JC: I never begin with an idea. Whatever Country gives me will become the material of the work. Once I walked for hours finding nothing and my dog ran up with a kangaroo foot in his mouth! When I find a dead bird, an animal or lizard, or sometimes plants, I spend a long time looking at it before beginning to work. The exposure times are very long – 30 to 50 hours sometimes, and moisture appears at different stages. Condensation, blood, rain… every hour I brush the moisture into the page with a paint brush. Layer by layer, over 50 hours, the brush strokes build up.
I respond to whatever is happening in the moment– if the sun creates a strong shadow I will often accentuate that. When flies and beetles come, when they walk over the page, I will echo the lines they create with their tracks. I am always responding to Country, never asking Country to respond to me. In this way, this invented way, I am teaching myself to listen to Country. The most valuable thing I learned from Warlpiri women is how to listen. If I listen long enough, and well enough, maybe I will begin to understand how a shared language can be constructed.
JB: I read about your work with young indigenous people in trying to reduce suicide rates by reconnecting them with their ancestral culture. How is this project developing?
JC: Kurdiji 1.0 is out now and downloadable from Play Store. This app is one of the most beautiful things I have ever worked on. I encourage you to look at it – it’s not just for Aboriginal people, and not just for people at risk of suicide. Kurdiji 1.0 is an introduction to Warlpiri cosmology and Warlpiri ideas about resilience. I won’t speak about it too much because those stories belong to Warlpiri people and they tell them in their own words in the app. But I will say that those ideas have kept me strong when times became very difficult – the ideas work. The only reason we have the chance to access these ideas through Kurdiji 1.0, is that a handful, really just a handful, of elders fought to keep culture intact and transmitted their stories and ceremonies to their children. A few years ago the laws on sharing this information were changed. The view across Warlpiri communities was that saving lives had to be prioritized, and Milpirri festival was established to share these valuable ideas with the wider community. Kurdiji 1.0 just increases the reach beyond that festival. Everything in the app has come from Warlpiri elders and is their gift to Aboriginal Australia.The generosity of that act, when you think about our murderous history as a nation, is truly humbling. I still find it difficult to comprehend the warmth and generosity of desert people.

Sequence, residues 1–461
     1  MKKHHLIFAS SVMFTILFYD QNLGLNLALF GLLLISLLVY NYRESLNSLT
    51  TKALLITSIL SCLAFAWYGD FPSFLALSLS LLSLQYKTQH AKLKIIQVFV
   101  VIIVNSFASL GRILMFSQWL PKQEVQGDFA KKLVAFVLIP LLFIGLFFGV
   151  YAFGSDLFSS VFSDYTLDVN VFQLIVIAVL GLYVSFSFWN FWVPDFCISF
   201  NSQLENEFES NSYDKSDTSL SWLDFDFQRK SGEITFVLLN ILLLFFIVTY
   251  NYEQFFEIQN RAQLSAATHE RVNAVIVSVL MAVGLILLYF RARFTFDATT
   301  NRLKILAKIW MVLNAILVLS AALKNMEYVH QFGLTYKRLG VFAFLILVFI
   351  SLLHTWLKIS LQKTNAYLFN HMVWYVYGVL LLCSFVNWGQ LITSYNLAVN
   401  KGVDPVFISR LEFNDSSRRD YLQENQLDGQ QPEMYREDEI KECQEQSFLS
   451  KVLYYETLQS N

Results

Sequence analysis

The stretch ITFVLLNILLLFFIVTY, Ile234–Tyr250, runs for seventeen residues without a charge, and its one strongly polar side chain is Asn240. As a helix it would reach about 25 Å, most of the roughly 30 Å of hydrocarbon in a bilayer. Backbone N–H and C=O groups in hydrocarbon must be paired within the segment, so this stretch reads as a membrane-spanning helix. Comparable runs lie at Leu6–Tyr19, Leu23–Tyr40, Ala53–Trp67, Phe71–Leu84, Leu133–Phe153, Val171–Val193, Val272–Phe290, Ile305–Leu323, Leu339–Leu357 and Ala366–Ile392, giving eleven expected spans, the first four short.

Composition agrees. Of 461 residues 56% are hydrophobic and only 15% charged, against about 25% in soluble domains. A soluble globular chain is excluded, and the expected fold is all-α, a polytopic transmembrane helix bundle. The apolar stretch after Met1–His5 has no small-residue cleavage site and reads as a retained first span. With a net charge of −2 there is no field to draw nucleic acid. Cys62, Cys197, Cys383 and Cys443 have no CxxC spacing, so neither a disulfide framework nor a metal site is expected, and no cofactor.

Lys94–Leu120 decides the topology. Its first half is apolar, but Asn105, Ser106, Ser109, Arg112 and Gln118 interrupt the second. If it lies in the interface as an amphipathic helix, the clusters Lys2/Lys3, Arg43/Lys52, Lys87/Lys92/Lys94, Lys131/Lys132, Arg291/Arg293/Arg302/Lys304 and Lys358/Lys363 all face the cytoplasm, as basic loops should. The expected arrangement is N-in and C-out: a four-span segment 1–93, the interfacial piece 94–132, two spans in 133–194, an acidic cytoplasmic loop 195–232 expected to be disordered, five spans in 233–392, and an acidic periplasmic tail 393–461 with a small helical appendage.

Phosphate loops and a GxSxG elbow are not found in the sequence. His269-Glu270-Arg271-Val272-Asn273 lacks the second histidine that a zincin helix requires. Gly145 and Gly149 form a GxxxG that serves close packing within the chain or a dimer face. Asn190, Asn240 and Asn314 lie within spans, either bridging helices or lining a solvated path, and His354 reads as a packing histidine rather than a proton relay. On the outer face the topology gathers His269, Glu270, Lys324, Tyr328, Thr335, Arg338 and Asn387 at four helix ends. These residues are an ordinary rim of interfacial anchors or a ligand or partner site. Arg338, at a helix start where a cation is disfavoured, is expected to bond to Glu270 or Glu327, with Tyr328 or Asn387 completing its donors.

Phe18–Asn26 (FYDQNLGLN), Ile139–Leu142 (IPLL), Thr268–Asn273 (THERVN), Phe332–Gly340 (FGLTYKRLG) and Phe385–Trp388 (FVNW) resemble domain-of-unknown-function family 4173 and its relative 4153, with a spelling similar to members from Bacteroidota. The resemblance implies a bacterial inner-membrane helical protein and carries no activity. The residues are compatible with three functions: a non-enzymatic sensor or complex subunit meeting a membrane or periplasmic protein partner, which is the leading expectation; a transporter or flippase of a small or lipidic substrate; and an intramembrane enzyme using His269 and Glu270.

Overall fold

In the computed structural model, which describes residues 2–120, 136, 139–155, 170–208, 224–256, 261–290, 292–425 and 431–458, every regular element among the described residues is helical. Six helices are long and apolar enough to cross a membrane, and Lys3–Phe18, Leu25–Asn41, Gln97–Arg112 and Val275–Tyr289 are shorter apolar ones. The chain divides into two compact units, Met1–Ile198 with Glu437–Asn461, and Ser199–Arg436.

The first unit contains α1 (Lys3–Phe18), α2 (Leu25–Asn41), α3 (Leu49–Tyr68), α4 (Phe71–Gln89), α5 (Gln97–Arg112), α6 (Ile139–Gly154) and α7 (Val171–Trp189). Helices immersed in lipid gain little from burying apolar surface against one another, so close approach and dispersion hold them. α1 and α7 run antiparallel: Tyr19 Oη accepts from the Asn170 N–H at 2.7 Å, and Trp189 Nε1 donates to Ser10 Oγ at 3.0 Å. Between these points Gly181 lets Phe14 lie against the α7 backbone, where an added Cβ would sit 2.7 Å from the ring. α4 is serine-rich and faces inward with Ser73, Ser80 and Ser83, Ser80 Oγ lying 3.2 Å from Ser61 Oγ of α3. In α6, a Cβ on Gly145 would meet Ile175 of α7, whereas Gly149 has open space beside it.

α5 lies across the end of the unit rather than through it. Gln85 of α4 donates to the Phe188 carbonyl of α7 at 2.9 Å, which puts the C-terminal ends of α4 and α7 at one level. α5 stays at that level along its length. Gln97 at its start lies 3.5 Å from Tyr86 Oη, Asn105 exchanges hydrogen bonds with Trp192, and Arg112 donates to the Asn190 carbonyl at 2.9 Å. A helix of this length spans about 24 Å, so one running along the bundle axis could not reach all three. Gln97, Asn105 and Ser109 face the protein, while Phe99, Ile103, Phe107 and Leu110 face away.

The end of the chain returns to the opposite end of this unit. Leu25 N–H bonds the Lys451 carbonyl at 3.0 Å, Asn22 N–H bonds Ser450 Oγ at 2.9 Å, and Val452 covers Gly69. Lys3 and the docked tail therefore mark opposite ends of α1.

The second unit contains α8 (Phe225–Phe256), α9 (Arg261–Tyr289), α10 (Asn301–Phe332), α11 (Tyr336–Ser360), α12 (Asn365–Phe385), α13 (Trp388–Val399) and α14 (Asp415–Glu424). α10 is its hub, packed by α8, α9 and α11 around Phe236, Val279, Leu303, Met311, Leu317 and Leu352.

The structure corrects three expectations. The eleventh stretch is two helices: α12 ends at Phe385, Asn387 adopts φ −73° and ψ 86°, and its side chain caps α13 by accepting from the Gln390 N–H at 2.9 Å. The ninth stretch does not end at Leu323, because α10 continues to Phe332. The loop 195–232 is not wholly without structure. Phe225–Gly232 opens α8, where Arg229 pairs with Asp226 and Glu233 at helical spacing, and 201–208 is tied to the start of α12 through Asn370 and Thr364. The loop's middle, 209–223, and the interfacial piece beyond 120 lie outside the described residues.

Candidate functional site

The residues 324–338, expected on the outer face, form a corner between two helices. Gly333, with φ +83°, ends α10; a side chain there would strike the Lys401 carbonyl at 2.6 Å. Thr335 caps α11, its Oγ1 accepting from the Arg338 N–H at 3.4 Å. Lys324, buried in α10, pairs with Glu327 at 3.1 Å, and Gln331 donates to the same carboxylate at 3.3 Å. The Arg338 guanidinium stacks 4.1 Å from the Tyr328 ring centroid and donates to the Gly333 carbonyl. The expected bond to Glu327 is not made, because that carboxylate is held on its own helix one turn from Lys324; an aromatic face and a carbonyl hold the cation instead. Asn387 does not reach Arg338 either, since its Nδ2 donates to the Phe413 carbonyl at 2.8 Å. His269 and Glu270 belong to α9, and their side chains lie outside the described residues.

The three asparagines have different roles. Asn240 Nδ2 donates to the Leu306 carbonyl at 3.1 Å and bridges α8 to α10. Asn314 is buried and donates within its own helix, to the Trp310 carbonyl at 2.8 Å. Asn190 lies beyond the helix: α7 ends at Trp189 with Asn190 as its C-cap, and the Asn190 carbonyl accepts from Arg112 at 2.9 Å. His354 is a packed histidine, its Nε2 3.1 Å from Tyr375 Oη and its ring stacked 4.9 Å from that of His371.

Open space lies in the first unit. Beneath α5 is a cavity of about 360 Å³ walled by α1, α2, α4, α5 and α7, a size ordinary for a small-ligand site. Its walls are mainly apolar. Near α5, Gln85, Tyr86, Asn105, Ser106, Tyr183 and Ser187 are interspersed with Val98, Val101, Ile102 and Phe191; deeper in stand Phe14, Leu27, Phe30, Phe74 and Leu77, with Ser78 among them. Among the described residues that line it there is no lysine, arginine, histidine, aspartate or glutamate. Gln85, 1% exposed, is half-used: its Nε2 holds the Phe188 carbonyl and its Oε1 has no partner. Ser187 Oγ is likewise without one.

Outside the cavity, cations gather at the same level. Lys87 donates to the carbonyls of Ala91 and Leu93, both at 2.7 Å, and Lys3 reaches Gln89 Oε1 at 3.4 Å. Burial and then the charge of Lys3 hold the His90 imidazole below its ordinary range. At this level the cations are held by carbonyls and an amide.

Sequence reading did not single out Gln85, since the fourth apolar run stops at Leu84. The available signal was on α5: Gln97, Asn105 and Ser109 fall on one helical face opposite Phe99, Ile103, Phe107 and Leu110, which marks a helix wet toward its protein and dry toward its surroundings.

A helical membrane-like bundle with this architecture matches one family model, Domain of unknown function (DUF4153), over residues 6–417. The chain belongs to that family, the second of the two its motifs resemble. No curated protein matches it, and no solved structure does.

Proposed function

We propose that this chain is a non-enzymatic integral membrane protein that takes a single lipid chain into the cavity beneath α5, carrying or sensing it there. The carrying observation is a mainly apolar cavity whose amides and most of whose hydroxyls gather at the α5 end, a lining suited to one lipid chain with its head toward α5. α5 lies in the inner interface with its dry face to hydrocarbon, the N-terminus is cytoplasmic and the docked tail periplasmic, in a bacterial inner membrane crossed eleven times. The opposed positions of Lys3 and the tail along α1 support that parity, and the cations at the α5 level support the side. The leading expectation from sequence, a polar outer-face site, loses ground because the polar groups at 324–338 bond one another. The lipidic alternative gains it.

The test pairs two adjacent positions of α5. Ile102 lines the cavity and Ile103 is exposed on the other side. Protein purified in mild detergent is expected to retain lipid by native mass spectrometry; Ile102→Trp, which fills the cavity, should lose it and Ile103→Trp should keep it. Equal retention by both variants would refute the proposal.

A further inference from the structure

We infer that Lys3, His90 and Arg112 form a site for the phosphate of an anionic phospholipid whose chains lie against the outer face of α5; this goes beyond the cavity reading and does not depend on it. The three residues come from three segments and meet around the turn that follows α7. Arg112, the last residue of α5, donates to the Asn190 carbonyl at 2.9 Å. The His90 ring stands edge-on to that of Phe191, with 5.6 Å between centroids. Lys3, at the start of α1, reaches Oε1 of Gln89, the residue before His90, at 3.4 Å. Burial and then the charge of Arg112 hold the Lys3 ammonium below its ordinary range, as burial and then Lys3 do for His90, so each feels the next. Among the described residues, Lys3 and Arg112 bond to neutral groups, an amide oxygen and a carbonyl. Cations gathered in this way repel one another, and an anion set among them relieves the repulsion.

JB: Finally, how do you see your work progressing and developing?
JC: I will continue to explore Country – specifically what it could mean to care for Country, to understand Country and to be understood. And I believe that these analogue, camera-less techniques I’ve been exploring are the best way for me to do that. We are becoming so complex in our art creation, so removed from our natural state, and maybe photography has moved further into abstraction than most art-forms. We use digital cameras, process in photoshop, print in a machine… and at no point in that process are we forced to really use our hands. The eye can do it alone – the eye and the brain. We don’t need to be physical in our art making anymore.
May 2019 James Burnett MONK